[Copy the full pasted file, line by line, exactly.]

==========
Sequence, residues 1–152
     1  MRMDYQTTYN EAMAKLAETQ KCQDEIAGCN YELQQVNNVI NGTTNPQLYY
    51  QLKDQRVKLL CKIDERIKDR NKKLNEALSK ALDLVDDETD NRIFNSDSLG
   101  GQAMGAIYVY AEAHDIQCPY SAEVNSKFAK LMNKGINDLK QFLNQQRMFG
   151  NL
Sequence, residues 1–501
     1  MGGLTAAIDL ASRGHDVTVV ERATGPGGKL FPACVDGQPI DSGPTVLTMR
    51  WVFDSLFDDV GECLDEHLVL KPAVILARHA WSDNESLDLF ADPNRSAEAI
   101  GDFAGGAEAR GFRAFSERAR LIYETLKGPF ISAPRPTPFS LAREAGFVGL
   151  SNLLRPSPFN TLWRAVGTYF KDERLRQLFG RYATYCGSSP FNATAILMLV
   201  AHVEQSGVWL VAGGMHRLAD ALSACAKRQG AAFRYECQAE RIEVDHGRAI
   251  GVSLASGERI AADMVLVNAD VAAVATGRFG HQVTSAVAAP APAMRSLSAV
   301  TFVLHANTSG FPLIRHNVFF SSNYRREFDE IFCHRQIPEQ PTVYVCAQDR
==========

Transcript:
Sequence, residues 1–152
     1  MRMDYQTTYN EAMAKLAETQ KCQDEIAGCN YELQQVNNVI NGTTNPQLYY
    51  QLKDQRVKLL CKIDERIKDR NKKLNEALSK ALDLVDDETD NRIFNSDSLG
   101  GQAMGAIYVY AEAHDIQCPY SAEVNSKFAK LMNKGINDLK QFLNQQRMFG
   151  NL
Sequence, residues 1–501
     1  MGGLTAAIDL ASRGHDVTVV ERATGPGGKL FPACVDGQPI DSGPTVLTMR
    51  WVFDSLFDDV GECLDEHLVL KPAVILARHA WSDNESLDLF ADPNRSAEAI
   101  GDFAGGAEAR GFRAFSERAR LIYETLKGPF ISAPRPTPFS LAREAGFVGL
   151  SNLLRPSPFN TLWRAVGTYF KDERLRQLFG RYATYCGSSP FNATAILMLV
   201  AHVEQSGVWL VAGGMHRLAD ALSACAKRQG AAFRYECQAE RIEVDHGRAI
   251  GVSLASGERI AADMVLVNAD VAAVATGRFG HQVTSAVAAP APAMRSLSAV
   301  TFVLHANTSG FPLIRHNVFF SSNYRREFDE IFCHRQIPEQ PTVYVCAQDR